Lacson pushes for vaccine passports prioritizing OFWs, foreign investors
MANILA, Philippines — Senator Panfilo Lacson on Monday renewed his call for the creation of a COVID-19 vaccine passport system that would make traveling efficient for both Overseas Filipino Workers (OFWs) and foreign investors, as long as they are vaccinated.
Lacson said that both OFWs and foreign investors are hesitant to come to the country due to tight protocols that force them to spend more than a week in a quarantine facility.
“For our returning OFWs, at most, we might require them to take a swab test then allow them to go home, then require them to stay at home for 10 days. No need to require them to stay at a hotel,” he said in an interview on ABS-CBN News Channel.
“Most of the time, OFWs return to the country because of an emergency. But if you are an OFW and you are required to be quarantined for 10 days, how many days of your leave will go to waste? I don’t think that makes sense,” he added.
According to Lacson, these protocols would also affect the tourism industry since it would push foreign investors away.
“Also, our tourism sector and investment will suffer. If a potential investor who would like to come here learns of the requirements that include a swab test and stay at a quarantine facility not of his or her choice, would he or she still come?” he said.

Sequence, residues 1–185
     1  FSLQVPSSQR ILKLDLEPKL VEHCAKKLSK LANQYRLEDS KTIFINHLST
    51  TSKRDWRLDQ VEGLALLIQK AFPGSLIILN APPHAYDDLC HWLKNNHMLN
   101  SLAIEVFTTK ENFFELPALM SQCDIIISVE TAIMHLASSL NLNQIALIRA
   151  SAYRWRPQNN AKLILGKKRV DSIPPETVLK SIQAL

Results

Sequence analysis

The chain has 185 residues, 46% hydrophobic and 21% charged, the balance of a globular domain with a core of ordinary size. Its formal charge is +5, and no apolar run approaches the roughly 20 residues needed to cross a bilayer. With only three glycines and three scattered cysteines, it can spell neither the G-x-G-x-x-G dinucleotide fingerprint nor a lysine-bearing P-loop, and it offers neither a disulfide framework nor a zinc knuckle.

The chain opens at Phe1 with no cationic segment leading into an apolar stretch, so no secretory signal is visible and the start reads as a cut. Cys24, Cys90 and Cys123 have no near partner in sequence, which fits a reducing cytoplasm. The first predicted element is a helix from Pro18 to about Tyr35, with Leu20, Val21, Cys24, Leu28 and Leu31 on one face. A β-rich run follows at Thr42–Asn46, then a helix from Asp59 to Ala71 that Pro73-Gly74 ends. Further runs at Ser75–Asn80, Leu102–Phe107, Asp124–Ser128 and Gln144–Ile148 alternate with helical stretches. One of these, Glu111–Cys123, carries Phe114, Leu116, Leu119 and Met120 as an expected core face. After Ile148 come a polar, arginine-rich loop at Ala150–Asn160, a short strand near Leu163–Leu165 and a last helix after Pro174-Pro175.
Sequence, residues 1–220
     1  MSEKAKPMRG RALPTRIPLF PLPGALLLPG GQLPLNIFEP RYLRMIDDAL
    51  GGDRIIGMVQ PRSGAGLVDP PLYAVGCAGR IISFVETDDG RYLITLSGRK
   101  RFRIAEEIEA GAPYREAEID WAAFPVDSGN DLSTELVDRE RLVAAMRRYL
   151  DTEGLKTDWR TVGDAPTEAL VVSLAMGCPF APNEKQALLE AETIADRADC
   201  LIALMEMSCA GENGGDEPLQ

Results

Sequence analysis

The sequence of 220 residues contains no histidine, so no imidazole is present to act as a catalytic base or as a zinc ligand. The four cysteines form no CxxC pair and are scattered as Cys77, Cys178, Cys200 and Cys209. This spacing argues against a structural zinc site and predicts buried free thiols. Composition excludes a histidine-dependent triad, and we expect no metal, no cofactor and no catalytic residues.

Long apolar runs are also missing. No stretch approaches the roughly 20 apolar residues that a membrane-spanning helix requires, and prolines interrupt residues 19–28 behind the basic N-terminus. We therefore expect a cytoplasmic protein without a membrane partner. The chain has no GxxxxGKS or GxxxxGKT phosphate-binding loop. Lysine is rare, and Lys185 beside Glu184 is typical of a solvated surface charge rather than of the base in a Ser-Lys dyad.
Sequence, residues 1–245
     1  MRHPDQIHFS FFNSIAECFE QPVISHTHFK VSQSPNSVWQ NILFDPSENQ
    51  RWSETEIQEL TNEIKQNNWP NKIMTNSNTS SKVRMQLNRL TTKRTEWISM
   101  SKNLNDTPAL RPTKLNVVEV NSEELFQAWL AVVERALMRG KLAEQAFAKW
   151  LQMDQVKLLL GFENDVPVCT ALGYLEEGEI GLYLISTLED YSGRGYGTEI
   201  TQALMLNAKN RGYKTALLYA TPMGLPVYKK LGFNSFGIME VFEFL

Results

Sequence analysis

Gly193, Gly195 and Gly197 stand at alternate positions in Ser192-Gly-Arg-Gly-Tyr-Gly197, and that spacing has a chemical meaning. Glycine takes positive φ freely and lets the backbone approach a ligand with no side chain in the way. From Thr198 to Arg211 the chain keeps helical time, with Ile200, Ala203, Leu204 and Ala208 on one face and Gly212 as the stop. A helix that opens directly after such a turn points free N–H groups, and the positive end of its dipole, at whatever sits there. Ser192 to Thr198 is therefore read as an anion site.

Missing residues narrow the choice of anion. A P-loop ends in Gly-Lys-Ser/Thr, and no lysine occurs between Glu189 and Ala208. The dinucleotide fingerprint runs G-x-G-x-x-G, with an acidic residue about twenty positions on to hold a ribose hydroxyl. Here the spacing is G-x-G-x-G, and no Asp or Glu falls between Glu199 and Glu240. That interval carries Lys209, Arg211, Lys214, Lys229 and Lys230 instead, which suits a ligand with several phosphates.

The senator also urged the Inter-Agency Task Force for the Management of Emerging Infectious Diseases (IATF-MEID) to tweak the country’s protocols in order for them to be in sync with the protocols in other countries.
Lacson further stressed the need for local government officials along with other implementers of health protocols to be given enough leeway to do their job on the ground.
He also called for more solutions in terms of the vaccine rollout in the country, including a cold chain storage system in order to avoid any spoilage of vaccines.
“We are getting information that some vaccines are spoiled due to the mishandled cold chain facility. These are issues the appropriate authorities must address so we can accelerate our efforts toward herd immunity,” he said. — Sofia Vertucio, Inquirer trainee
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